- Although the /sh/ sound can be tricky for children to visualize, most children can easily make the association of rounding their lips and putting one finger in front of their mouth as they say “sh”.
- Then, give some specific placement cues to help your client figure out where to put the other muscles in their mouth and how to make the /sh/ sound.
- Remind your client to round their lips (similar to making the “o” sound).
- Ask the child to keep their tongue back/in their mouth.
- Remember, the tongue shouldn’t be making contact on the top of the mouth with the alveolar ridge or be directly behind the bottom teeth - right in the middle is perfect.
- Keep the voice off.
- Blow air through the center of the mouth.
Voila! Following these placement cues should help your client produce the /sh/ sound in isolation.
Additional cues that can help:
- Visual cues (put a mirror in front of the client).
- Model how to make the sound accurately.
- Tell your client that if they put their finger in front of their mouth, they should feel air on it when making the /sh/ sound.
Exercise #2: Shape from the /s/ Sound
Can your client produce the /s/ sound accurately? If so, try helping the child shape this sound into the /sh/ sound.
The /s/ sound has similar oral motor placement as the /sh/ sound. The mouth is slightly opened, the tongue is placed in the middle of the mouth, and a stream of air is produced through the mouth with the voice off.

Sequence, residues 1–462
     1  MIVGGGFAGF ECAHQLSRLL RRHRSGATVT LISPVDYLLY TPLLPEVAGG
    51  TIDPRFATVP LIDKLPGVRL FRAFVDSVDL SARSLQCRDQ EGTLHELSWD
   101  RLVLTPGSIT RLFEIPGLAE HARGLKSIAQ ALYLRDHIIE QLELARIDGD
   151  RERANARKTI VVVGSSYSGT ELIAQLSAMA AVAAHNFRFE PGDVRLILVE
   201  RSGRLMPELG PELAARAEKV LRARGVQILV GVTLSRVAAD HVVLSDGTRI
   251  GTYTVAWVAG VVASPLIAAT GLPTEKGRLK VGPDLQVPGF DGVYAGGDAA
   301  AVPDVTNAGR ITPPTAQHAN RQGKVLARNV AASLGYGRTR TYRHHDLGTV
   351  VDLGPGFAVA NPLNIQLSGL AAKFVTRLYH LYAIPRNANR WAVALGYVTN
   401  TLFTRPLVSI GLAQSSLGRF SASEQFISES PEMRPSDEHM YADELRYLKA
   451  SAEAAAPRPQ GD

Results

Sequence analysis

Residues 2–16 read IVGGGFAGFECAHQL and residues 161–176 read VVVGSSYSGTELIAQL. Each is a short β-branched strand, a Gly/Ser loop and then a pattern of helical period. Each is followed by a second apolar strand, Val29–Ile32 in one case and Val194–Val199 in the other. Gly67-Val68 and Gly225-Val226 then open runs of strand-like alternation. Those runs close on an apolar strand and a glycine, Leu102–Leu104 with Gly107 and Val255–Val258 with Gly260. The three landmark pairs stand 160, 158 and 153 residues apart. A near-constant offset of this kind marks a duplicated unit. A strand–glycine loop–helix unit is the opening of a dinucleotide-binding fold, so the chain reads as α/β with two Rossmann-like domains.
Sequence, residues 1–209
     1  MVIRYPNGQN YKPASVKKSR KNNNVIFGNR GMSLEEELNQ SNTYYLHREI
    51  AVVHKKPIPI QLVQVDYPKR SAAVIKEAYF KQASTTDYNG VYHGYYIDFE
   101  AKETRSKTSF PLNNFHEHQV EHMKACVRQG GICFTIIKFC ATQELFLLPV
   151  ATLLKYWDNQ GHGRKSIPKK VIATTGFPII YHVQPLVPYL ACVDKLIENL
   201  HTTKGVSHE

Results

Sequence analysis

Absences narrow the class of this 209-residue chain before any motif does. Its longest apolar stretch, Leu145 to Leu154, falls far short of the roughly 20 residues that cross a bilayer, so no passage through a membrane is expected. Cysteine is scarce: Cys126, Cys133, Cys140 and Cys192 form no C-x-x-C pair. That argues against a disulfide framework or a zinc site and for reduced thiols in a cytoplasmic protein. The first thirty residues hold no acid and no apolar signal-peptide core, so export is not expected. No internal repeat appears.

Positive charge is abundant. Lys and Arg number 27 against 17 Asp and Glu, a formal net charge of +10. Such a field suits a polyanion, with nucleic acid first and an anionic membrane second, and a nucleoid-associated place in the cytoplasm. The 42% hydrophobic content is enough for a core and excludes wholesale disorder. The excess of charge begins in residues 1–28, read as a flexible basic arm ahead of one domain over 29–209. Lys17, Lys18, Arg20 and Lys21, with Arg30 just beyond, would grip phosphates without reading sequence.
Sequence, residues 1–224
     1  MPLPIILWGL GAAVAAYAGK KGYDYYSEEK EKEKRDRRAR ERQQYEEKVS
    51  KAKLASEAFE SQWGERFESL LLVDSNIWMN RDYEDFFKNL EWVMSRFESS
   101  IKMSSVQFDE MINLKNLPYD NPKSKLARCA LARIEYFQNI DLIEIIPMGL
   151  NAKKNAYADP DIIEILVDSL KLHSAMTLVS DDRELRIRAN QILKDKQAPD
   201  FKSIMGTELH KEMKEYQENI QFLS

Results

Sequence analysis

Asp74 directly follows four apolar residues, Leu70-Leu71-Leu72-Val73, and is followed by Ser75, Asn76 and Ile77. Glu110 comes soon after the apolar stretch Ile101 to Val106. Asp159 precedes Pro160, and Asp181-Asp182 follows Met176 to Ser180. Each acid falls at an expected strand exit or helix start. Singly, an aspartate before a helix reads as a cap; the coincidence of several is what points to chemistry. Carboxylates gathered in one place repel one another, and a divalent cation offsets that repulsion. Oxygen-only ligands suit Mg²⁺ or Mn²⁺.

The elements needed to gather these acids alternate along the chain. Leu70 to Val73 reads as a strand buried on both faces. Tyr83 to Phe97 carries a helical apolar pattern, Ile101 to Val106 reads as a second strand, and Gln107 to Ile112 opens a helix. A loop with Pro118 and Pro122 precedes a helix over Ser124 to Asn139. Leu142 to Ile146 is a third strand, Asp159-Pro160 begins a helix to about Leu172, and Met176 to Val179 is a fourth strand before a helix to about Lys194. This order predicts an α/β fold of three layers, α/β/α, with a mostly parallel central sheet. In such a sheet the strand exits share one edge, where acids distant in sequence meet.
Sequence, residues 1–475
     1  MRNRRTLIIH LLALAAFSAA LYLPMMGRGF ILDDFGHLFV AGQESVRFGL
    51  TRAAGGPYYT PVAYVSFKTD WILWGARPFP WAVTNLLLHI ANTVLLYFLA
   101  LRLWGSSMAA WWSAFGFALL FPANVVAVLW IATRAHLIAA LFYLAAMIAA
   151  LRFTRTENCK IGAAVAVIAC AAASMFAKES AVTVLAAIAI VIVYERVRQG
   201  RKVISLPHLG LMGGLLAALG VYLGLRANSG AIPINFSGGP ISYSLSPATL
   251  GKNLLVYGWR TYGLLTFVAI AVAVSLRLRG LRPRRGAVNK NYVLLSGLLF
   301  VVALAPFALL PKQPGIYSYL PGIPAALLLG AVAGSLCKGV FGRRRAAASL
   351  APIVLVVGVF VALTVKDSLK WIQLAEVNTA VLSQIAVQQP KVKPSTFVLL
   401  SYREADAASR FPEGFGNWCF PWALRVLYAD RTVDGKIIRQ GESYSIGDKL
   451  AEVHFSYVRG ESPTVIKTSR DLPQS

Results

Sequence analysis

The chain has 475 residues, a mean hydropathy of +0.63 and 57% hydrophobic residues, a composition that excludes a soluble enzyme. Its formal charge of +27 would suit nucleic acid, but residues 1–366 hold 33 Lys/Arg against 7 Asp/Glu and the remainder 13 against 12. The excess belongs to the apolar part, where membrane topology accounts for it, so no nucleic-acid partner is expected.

Start by asking the child to produce the /s/ sound. Then explain that to make the /sh/ sound, they should:
Round the lip and slide the tongue slightly farther back in the mouth, so a prolonged /ssssss/ can turn into a /shhhh/ when making these slight changes in placement or the articulators.
Visuals like a mouth puppet or mirror can be helpful to provide visual feedback to the child on how to move their mouth muscles. Kokolingo, a digital platform for articulation therapy, includes a Make-a-Sound activity where the child can watch videos of a pirate providing different types of cues for producing the /sh/ sound before imitating it themselves.
If you like to use apps in speech therapy, Virtual Speech Center has developed over 40 apps for speech, language and cognition and seven of them target articulation.